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Washington's Farewell Address and Webster's First Bunker Hill Oration
Visualização integral - 1906
Washington's Farewell Address: Webster's First Bunker Hill Oration ; Lincoln ...
Visualização integral - 1919
Washington's Farewell Address, Webster's First Bunker Hill Oration and ...
Charles Robert Gaston
Pré-visualização indisponível - 2014
American appear battle become Boston Bunker Hill called cause century changes close colonies commemorative common Congress consider Constitution continuity delivered duty early edition effect eloquent England English established example experience expression feeling force foreign gained give happiness head hold honor House human hundred idea important influence interest Introduction knowledge land letter liberty live look Massachusetts means ment mind monument nation natural notice object occasion opinion oration oratory paragraph party patriotism peace period person political present President principles prosperity published question received reference regard Rhetoric says seems Selections Senate sentence sentiments shows soldiers speaking speech spirit success term thought tion true Union United Warren Washington Webster whole wish
Página 8 - The basis of our political systems is the right of the people to make and to alter their constitutions of government ; but the constitution which at any time exists, till changed by an explicit and authentic act of the whole people, is sacredly obligatory upon all.
Página 12 - If in the opinion of the people the distribution or modification of the constitutional powers be in any particular wrong, let it be corrected by an amendment in the way which the Constitution designates. But let there be no change by usurpation; for though this in one instance may be the instrument of good, it is the customary weapon by which free governments are destroyed.
Página 13 - Observe good faith and justice towards all nations; cultivate peace and harmony with all; religion and morality enjoin this conduct; and can it be that good policy does not equally enjoin it ? It will be worthy of a free, enlightened, and, at no distant period, a great nation, to give to mankind the magnanimous and too novel example of a people always guided by an exalted justice and benevolence.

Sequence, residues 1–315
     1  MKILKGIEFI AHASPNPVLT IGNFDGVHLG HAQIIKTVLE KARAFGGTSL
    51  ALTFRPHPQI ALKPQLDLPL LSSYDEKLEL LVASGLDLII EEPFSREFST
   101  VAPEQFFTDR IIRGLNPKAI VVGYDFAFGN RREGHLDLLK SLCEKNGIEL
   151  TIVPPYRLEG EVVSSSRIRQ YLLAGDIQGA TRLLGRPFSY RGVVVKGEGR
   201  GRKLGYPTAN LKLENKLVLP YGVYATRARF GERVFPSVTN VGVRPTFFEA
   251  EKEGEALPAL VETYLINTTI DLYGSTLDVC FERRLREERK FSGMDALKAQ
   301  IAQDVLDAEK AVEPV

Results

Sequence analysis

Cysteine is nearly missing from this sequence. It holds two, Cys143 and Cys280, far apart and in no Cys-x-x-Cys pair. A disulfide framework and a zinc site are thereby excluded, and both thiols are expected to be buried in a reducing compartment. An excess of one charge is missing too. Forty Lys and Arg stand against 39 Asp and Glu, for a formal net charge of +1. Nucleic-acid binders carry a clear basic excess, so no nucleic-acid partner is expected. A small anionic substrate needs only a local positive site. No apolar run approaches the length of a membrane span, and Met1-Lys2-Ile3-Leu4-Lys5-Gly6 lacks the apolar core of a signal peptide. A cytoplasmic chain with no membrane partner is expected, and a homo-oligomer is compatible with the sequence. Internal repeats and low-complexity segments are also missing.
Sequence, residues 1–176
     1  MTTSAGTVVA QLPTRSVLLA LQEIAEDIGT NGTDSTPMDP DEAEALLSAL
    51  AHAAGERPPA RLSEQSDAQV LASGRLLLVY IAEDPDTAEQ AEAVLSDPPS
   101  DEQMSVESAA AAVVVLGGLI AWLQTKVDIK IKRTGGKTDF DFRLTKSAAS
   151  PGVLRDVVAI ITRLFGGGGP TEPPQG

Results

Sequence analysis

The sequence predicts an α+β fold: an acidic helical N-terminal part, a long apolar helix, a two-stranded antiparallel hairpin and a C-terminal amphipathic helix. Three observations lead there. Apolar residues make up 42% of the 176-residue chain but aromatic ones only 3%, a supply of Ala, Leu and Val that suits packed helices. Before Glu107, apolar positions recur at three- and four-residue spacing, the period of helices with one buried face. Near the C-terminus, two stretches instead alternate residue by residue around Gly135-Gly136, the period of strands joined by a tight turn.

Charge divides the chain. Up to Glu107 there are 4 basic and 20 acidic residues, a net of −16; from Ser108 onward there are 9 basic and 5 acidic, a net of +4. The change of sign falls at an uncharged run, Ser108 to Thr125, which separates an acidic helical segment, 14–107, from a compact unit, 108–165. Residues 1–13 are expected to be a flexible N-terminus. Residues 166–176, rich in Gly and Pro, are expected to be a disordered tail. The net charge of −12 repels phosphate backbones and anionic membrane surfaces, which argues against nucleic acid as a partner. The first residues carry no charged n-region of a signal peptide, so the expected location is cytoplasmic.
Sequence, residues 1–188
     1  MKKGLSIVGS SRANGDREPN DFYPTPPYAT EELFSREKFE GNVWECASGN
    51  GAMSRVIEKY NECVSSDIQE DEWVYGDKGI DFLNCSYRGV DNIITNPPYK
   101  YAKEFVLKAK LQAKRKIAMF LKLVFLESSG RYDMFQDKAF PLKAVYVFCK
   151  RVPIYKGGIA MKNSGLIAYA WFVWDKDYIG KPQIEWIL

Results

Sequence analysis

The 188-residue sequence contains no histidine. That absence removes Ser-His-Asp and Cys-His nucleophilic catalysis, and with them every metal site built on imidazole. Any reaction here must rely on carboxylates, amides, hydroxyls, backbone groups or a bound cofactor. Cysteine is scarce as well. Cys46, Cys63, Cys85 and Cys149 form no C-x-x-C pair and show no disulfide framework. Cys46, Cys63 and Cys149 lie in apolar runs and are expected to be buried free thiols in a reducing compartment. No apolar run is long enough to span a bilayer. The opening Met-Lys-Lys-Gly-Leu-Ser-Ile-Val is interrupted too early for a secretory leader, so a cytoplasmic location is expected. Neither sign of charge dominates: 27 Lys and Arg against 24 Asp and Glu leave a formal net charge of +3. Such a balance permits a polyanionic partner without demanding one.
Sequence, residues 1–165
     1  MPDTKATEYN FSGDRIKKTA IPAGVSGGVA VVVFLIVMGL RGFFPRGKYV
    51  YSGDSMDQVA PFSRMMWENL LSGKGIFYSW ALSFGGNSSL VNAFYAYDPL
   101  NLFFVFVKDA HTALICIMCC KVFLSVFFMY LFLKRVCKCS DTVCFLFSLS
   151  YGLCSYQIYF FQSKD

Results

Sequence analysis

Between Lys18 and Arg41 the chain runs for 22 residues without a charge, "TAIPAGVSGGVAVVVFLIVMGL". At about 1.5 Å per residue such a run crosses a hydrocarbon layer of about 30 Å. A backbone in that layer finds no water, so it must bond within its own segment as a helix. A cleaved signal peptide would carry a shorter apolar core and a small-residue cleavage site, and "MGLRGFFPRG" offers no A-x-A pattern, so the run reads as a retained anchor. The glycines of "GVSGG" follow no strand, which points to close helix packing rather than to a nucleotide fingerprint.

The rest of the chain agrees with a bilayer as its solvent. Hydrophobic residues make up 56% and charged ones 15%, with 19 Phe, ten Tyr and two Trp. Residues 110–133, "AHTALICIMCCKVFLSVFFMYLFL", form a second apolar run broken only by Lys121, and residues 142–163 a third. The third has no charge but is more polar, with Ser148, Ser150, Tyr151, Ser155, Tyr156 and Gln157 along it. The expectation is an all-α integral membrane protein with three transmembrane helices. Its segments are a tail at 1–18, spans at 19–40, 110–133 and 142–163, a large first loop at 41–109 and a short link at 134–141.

Página 9 - It is, indeed, little else than a name, where the government is too feeble to withstand the enterprises of faction, to confine each member of the society within the limits prescribed by the laws, and to maintain all in the secure and tranquil enjoyment of the rights of person and property.
Página 14 - The nation which indulges towards another an habitual hatred, or an habitual fondness, is, in some degree, a slave. It is a slave to its animosity, or to its affection, either of which is sufficient to lead it astray from its duty and its interest.
Página 7 - No alliances, however strict, between the parts, can be an adequate substitute; they must, inevitably, experience the infractions and interruptions which all alliances in all times have experienced.
Página 11 - It is important, likewise, that the habits of thinking in a free country should inspire caution in those intrusted with its administration to confine themselves within their respective constitutional spheres, avoiding in the exercise of the powers of one department to encroach upon another. The spirit of encroachment tends to consolidate the powers of all the departments in one and thus to create, whatever the form of government, a real despotism.
Página 12 - Let it simply be asked where is the security for property, for reputation, for life, if the sense of religious obligation DESERT the oaths, which are the instruments of investigation in courts of justice ; and let us with caution indulge the supposition, that morality can be maintained without religion.
Página 11 - ... the spirit of party. But in those of the popular character in governments purely elective it is a spirit not to be encouraged. From their natural tendency it is certain there will always be enough of that spirit for every salutary purpose, and there being constant danger of excess the effort ought to be by force of public opinion to mitigate and assuage it. A fire not to be quenched, it demands a uniform vigilance to prevent its bursting into a flame, lest instead of warming, it should consume.